My Review:She was looking for a place to land.
Anna is a fifteen-year-old girl slouching toward adulthood, and she's had it with her life at home. So Anna "borrows" her stepmom's credit card an runs away to Los Angeles, where her half-sister takes her in. But LA isn't quite the glamorous escape Anna had imagined.
As Anna spends her days on TV and movie sets, she engrosses herself in a project researching the murderous Manson girls—and although the violence in her own life isn't the kind that leaves physical scars, she begins to notice the parallels between herself and the lost girls of LA, and of America, past and present.
In Anna's singular voice, we glimpse not only a picture of life on the B-list in LA, but also a clear-eyed reflection on being young, vulnerable, lost, and female in America—in short, on the B-list of life. Alison Umminger writes about girls, sex, violence, and which people society deems worthy of caring about, which ones it doesn't, in a way not often seen in YA fiction.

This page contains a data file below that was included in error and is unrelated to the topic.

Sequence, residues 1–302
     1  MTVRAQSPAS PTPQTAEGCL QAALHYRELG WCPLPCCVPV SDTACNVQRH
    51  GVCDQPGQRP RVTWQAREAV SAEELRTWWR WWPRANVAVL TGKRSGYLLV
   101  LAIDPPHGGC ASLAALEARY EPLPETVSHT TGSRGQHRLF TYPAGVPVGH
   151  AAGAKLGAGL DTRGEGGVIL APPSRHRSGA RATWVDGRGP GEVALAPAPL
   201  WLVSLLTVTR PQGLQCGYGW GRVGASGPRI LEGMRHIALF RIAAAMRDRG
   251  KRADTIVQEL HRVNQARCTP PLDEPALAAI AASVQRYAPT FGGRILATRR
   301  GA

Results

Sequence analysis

I didn't necessarily hate this but I am not sure I liked it either -- even now, after finishing it, I kind of feel like what just happened?! And not in the good way that an amazing book can leave you with a hangover and/or just tie you up in a cathartic way that leaves you thinking about the book for days and wondering about some piece of it. Instead, I feel like I kind of wasted my time by reading this book but it did have a train wreck type quality to it and it did have some beautiful passages; I am a total sucker for descriptions and this had a few good ones even if they didn't make up for everything else. I never really liked Anna and I never got that sympathetic feeling I think we were supposed to have because she has missing parents (and some decidedly nasty interactions with her mom) and a really pretty terribly sister (with a lot of secrets) whom she sneaks off to for the summer in LA. It just became weird to me that Anna suddenly becomes obsessed with the Manson girls and every time she mentioned them, it just seemed out of place in the context of what was going on in the book. In this way, it reminded me a little of Save Me, Kurt Cobain, because it was like she was just writing some snippets of books she had read and there was no real purpose to it in the the book other than to try and show knowledge? Aside from Dex, one of Anna's sisters boyfriends that is actually decent, there wasn't a single likable character to be had in this book. I guess if you want to compare it to the Manson girls, this book did make feel like all girls are awful.